Laxatives are medications or substances that are used to promote bowel movements and relieve constipation. They work by stimulating the intestines, softening the stool, increasing stool volume, or lubricating the intestinal tract.
What do laxatives do?
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Laxatives are medications or substances that are used to promote bowel movements and relieve constipation. They work by stimulating the intestines, softening the stool, increasing stool volume, or lubricating the intestinal tract. The specific action of a laxative depends on its type and mechanism of action. Here are some common types of laxatives and how they work:
1. Bulk-forming laxatives: These laxatives contain fiber or fiber-like substances that absorb water and increase the bulk of the stool. They help to stimulate bowel movements and soften the stool, making it easier to pass. The major bulk-forming laxative brand is Citrucel with methylcellulose as the active ingredient.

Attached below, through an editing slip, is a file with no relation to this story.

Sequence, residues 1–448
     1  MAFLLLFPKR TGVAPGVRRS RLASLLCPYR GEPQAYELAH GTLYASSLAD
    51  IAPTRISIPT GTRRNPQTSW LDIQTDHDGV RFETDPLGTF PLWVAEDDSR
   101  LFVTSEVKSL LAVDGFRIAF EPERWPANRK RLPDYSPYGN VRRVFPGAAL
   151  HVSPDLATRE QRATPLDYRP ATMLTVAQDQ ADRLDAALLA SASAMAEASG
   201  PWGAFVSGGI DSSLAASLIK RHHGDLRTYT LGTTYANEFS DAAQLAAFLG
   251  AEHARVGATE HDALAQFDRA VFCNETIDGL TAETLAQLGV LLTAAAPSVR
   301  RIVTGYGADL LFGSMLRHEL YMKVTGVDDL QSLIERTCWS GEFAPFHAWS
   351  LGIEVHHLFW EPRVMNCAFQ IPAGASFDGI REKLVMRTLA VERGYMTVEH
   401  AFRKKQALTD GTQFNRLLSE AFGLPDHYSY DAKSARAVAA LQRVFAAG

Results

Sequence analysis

2. Stimulant laxatives: These laxatives work by irritating the lining of the intestines, which leads to increased muscular contractions and faster movement of stool through the intestines. Stimulant laxatives can produce bowel movements relatively quickly, usually within a few hours. The major stimulant laxative brand is Dulcolax with bisacodyl as the active ingredient.
3. Osmotic laxatives: These laxatives work by drawing water into the intestines, which softens the stool and increases bowel movement. They help to relieve constipation by increasing the amount of fluid in the intestines and stimulating the muscles to move stool along. The major osmotic laxative brand is Miralax with polyethylene glycol as the active ingredient.
5. Lubricant laxatives: These laxatives, like mineral oil, coat the stool and the lining of the intestines, making it easier for the stool to move through the intestines.
It's important to note that while laxatives can be effective in relieving temporary constipation, they should be used judiciously and under the guidance of a healthcare professional. Overuse or misuse of laxatives can lead to dependence, electrolyte imbalances, dehydration, and other complications. If you have persistent or severe constipation, it's best to consult a healthcare professional for proper evaluation and guidance.